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Live at the convention: Gov. Pawlenty

Minnesota Gov. Tim Pawlenty sat down this afternoon with USA TODAY and Gannett News Service reporters and editors in St. Paul for the last in our series of "newsmaker" discussions at the Republican National Convention.

We webcast the discussion here and now have archived video below. Hit your refresh button if you don't see the player, and then click the "on" button.

We also live-blogged as it happened. Scroll down if you want to read some of the highlights.

We did newsmaker sit-downs each day of the convention, as we did at last week's Democratic National Convention in Denver. Go here to see them all.

Update at 1:38 p.m. ET. At the end, "Country First:"

The last question to Pawlenty is about what the GOP slogan "Country First" means to him.

"It means that you believe there are certain values and interests" that are so important to the country that you should put them ahead of personal interests, he says.

And he uses Republican presidential nominee John McCain's life as an example -- particularly the moment when McCain turned down an offer of release from his Vietnamese captors because other Americans had been held as prisoners of war longer and deserved to go home ahead of him.

In later years, Pawlenty says, McCain put the "country first" when he went against his party to call for a "troop surge" in Iraq.

The governor says "country first" does not "ring true for Barack Obama. ... He is one of the most partisan members of Congress."

Update at 1:31 p.m. ET. "I'm slow, but I'm not that slow:"

When Pawlenty realized that John McCain was going to announce his vice presidential selection last Friday in Ohio -- and that he, Pawlenty, had been asked by the Republican National Committee to be in Denver on Thursday -- he realized he wasn't going to be on the ticket.

"I'm slow, but I'm not that slow," he says with a laugh.

Update at 1:27 p.m. ET: Palin has the necessary experience:

The Republican vice presidential candidate, Alaska Gov. Sarah Palin, "has executive experience." She has dealt with a legislature, Pawlenty says, dealt with the media and a National Guard. She has been in charge of a state budget and has built an administration.

"No one person at any one moment in time is going to know everything," he says. But he believes Palin "has the intelligence and experience ... to be an extremely effective vice president and (potentially) president."

Update at 1:22 p.m. ET:

Republican presidential nominee John McCain often refers to himself as the underdog in the race. Pawlenty says he believes McCain is still "facing a bit of an uphill climb, but he has made enormous progress ... and he may even be tied."

Update at 1:18 p.m. ET. Obama has "run nothing and accomplished not much:"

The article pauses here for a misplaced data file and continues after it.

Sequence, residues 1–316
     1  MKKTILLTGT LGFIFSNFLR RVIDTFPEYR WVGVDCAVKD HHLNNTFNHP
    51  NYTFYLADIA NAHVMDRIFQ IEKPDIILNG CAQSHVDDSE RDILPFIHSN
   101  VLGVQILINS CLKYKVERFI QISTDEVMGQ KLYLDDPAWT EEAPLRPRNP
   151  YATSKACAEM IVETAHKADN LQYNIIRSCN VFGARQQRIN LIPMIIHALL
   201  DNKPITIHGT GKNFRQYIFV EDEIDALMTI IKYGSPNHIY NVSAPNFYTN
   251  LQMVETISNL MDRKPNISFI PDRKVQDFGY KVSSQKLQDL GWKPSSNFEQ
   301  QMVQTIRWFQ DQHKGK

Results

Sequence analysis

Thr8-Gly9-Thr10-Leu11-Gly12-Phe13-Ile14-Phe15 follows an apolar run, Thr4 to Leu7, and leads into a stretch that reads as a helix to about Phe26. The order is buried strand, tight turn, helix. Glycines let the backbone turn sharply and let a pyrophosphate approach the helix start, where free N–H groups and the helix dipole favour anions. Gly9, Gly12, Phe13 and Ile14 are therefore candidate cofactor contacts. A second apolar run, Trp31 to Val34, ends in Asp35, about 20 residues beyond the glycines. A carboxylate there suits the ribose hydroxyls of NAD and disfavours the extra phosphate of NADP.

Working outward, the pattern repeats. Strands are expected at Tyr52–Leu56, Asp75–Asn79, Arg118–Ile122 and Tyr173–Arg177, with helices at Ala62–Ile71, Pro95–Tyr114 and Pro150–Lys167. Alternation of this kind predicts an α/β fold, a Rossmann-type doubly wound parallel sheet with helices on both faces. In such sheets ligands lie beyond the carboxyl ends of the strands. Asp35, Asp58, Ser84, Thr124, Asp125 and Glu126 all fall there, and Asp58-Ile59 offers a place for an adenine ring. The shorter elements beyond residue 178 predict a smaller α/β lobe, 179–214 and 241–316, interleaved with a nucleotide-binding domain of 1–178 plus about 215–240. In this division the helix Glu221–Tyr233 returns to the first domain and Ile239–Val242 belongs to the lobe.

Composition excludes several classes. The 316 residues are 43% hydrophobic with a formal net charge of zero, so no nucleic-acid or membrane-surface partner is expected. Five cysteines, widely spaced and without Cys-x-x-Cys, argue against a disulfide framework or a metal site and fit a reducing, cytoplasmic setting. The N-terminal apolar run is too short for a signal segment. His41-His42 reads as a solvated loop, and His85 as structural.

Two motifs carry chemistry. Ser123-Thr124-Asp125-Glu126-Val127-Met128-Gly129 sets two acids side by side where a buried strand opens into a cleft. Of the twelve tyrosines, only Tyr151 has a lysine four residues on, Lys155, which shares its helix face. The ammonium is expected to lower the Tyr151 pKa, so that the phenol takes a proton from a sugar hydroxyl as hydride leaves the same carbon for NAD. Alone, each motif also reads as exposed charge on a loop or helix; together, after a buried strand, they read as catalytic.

"He's been a law school professor and he's been a community organizer, a part-time state legislator with a highly partisan record and a U.S. senator for three years" -- who has spent most of that time running for president, Pawlenty says of Democratic presidential nominee Barack Obama.

"He's run nothing and accomplished not much," Pawlenty adds.

Update at 1:14 p.m. ET: Pawlenty begins by welcoming everyone to Minnesota. It is, he says "a state with a great political tradition, that unfortunately in my view leans pretty hard to the left."

"We're really delighted to host the convention," he adds.

As for the campaign, he says the selection of Alaska Gov. Sarah Palin as the vice presidential candidate, is "terrific."

On what's next for him, Pawlenty says, "I did not get into this thinking or wanting to be vice president or anything else" in a potential McCain administration. "I don't know what my future holds. ... I'm happy to be the governor of the state of Minnesota."

Armey: 'Bubba' vote could sink Obama

There are voters in key states who will not cast their ballots for a black man and that could cost Democratic presidential nominee Barack Obama the election, former House majority leader Dick Armey said this morning during a "newsmaker" discussion with USA TODAY and Gannett News Service reporters and editors.

Armey was the latest guest in our series of "newsmaker" discussions at the Republican National Convention in St. Paul.

We hope to have archived video here later. Hit your refresh button if you don't see the player, and then click the "on" button.

We live-blogged as it happened. Scroll down if you want to read some of the highlights.

We plan to do newsmaker sit-downs each day of the convention, as we did at last week's Democratic National Convention in Denver. Go here to see them all.